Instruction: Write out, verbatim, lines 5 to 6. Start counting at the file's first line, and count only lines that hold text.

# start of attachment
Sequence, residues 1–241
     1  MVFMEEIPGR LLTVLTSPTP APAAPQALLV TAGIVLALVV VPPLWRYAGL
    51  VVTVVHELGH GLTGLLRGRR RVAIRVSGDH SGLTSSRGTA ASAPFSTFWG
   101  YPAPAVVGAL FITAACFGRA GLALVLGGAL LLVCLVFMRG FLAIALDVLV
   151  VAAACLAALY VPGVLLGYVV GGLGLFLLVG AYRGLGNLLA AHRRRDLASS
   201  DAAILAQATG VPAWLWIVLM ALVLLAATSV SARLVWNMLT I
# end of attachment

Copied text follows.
   151  VAAACLAALY VPGVLLGYVV GGLGLFLLVG AYRGLGNLLA AHRRRDLASS
   201  DAAILAQATG VPAWLWIVLM ALVLLAATSV SARLVWNMLT I